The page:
Work From Home (WFH) – A boon or a bane


In March 2020 nobody had a choice. COVID-19 took over the world and changed everything, including the way employers and employees looked at how to continue doing business. There was no room for deliberations or discussions. A simple unilateral decision was forced upon the global corporate world – Work from Home (WFH). In the pre-COVID era, WFH was looked upon as a selective strategy, an alternate way of doing business, and implemented only when needed. It wasn’t a norm and it was surely not the only way of ‘being at work’.

Working from home in the last 3-4 months has been hunky dory for some. But for others it hasn’t been their most pleasant experience so far. While WFH is a ‘new normal’, it can still be said with absolute authority that it is not a universal formula, nor is it a ‘one-hat-fits-all’ scenario. Here are a few parameters that decide whether WFH will actually suit somebody or not:

  • The industry they work for
  • Their work profile
  • Number of years in the corporate world
  • Their age
  • Gender
  • Their monthly household income
  • Nature of the household – nuclear or joint

While these are still very blatant and easy to understand, let’s look at some more arguments – some for and some against WFH.

FOR – Remote working can result in more productivity – Remote workers feel less stressed or less watched and hence able to work better. When people work from home they are away from office distractions, such as noise and interruption from colleagues. This helps them to focus more and get their work done more efficiently.

AGAINST – Remote working can lead to loneliness – Human beings thrive on various kinds of social interactions including the one at work. The interconnection and interdependence in a physical office makes a lot of people happy and efficient. Being alone and connecting with co-workers just over a call can affect mental health and eventually productivity.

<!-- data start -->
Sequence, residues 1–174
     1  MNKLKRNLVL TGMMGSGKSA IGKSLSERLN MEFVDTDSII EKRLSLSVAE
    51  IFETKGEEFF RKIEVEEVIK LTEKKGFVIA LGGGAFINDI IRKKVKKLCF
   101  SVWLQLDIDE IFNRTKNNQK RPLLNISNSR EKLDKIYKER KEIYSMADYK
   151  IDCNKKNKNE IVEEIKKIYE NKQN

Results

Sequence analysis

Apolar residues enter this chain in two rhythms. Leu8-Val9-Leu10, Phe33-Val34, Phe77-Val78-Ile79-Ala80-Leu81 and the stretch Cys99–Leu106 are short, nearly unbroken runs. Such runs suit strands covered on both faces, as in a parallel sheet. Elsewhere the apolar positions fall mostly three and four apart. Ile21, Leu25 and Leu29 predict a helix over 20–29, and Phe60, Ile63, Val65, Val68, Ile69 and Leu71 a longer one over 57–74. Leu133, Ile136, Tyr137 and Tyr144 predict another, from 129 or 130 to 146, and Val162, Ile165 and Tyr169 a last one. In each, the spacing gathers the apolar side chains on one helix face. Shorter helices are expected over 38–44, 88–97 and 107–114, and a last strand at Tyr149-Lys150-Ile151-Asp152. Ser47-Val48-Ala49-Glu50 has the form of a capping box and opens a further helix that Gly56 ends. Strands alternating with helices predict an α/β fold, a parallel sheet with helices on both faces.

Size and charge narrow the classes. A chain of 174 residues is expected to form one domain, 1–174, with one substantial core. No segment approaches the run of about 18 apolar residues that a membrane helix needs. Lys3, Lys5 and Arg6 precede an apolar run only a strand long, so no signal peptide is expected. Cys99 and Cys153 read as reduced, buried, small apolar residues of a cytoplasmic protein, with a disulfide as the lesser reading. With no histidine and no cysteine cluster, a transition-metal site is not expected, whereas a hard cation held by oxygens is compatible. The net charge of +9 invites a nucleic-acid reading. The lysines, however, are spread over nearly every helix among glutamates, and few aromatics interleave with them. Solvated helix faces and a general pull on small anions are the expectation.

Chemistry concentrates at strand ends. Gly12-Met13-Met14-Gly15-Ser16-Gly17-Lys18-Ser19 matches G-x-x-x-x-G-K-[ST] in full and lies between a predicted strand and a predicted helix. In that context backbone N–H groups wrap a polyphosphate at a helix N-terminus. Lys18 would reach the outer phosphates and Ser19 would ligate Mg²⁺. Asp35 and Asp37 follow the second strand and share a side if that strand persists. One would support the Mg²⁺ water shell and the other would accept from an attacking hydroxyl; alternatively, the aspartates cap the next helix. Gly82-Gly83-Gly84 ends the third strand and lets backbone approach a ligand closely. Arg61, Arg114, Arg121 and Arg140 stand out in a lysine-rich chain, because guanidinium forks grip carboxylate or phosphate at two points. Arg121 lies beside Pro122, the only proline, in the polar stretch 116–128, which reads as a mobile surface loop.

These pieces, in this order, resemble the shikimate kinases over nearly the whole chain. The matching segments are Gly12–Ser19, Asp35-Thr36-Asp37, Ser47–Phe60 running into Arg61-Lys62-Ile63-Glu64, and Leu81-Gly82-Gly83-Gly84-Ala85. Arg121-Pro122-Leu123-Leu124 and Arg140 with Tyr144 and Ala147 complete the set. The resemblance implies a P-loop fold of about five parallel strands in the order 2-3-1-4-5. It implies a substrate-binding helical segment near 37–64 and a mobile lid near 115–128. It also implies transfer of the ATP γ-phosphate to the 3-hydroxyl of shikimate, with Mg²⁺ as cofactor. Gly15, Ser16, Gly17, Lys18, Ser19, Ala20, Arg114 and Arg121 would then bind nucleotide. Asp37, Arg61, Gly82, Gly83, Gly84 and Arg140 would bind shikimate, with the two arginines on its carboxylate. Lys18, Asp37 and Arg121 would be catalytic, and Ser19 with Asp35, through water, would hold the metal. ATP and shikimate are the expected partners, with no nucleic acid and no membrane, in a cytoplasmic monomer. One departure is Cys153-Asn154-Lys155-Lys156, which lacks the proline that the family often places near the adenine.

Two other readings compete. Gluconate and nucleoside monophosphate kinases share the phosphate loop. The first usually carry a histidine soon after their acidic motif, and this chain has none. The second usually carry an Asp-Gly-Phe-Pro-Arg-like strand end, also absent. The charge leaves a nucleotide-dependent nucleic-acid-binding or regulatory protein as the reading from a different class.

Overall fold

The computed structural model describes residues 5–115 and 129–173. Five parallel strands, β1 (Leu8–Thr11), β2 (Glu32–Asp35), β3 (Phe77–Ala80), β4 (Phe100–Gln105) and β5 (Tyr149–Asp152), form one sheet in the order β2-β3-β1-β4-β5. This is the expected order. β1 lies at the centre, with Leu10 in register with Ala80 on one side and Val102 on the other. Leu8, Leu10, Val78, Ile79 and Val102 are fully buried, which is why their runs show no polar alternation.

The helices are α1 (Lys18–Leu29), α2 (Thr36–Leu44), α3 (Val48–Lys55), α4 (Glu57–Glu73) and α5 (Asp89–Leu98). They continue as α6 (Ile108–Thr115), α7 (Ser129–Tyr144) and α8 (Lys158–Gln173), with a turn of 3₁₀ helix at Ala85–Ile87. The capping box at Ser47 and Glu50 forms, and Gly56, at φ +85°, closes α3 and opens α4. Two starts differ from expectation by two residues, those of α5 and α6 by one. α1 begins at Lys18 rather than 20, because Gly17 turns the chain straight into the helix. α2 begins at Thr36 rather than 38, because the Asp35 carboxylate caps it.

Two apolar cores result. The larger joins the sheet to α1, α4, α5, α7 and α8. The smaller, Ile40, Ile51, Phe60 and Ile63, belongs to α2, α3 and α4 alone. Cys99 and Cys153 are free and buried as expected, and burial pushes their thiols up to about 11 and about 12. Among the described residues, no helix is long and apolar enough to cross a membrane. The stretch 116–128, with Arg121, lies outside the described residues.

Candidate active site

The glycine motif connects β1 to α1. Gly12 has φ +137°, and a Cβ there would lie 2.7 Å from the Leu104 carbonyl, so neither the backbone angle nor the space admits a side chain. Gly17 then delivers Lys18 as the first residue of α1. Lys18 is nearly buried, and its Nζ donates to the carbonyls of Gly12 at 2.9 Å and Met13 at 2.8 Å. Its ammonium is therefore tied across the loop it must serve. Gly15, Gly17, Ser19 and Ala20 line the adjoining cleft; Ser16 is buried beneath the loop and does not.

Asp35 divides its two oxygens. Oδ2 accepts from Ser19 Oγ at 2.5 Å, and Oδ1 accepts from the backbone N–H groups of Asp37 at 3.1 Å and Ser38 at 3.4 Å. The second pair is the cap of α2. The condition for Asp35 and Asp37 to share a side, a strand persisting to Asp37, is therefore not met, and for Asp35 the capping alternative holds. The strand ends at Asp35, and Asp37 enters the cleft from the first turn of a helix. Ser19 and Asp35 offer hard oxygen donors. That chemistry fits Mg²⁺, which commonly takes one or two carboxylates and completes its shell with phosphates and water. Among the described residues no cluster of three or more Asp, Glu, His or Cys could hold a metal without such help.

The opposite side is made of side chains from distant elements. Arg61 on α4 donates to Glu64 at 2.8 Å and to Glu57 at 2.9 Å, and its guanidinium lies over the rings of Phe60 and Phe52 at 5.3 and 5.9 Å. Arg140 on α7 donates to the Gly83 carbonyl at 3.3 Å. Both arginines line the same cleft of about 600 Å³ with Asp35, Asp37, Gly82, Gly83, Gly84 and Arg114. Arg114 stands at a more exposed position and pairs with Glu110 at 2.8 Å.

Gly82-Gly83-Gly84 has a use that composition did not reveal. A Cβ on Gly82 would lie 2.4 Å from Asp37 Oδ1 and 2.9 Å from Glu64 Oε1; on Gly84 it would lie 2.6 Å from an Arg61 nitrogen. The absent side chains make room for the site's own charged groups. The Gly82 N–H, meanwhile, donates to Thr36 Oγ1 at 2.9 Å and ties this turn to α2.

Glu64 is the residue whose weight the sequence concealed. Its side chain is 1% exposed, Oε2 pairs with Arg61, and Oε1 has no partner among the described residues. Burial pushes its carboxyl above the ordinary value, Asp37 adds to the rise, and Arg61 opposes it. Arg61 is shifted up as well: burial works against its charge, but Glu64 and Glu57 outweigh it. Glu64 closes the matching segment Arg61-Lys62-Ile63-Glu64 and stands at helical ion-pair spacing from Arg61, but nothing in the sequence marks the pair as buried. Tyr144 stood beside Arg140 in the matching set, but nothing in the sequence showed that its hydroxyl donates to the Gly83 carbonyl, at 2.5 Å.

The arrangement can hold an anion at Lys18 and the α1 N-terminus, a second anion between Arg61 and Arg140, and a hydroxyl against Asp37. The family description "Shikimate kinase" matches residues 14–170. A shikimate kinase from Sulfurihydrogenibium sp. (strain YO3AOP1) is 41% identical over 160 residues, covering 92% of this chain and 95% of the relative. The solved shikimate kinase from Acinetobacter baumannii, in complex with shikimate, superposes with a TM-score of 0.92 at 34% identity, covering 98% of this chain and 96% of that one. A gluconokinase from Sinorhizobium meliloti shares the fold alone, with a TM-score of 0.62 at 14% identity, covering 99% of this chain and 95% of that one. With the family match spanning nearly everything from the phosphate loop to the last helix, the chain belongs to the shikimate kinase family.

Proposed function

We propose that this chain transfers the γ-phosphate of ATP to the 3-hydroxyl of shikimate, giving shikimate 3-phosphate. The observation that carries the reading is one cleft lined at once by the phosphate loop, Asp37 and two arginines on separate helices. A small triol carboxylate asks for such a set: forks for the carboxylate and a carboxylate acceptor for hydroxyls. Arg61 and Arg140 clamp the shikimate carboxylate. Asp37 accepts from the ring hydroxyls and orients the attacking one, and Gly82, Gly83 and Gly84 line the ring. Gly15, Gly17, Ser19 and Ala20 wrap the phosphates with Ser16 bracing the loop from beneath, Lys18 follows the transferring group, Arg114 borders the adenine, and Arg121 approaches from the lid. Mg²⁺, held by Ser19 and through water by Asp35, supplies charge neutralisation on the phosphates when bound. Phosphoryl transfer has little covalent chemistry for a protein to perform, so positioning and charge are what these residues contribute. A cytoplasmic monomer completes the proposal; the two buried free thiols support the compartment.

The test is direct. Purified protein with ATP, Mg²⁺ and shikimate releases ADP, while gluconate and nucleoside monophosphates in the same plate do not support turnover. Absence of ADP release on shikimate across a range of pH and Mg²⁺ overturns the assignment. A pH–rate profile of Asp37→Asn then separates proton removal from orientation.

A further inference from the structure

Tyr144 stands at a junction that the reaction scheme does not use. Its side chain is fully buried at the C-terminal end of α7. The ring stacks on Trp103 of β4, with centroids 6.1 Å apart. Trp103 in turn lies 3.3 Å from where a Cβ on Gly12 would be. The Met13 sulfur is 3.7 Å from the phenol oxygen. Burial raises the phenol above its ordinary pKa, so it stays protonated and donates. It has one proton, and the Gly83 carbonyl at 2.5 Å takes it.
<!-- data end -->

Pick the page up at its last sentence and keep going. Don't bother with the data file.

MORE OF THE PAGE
FOR – WFH can help save time and money in commute – When we talk to people working in populated metros we do understand the hassles of daily commute to work. Commuting the way an average office-goer does in a metropolitan city can over time result in stress and ill health. There is also that daily dent in terms of time and money. Add to that those seasonal difficulties, like the monsoons in Mumbai. WFH allows for a lot of productive time that can go towards enhanced professional objectives.

AGAINST – There can be challenges related to communication and collaboration – Effective communication, team building and bonding can be hard to achieve when co-workers and colleagues work from their respective homes. The entire concept of spontaneity is lost and every action becomes deliberate and thought through. Being able to solve a problem by huddling in a meeting room seems impossible. Being able to celebrate a colleague’s promotion or a birthday becomes a thing of the past. Building a good network of colleagues and friends seems that much more remote.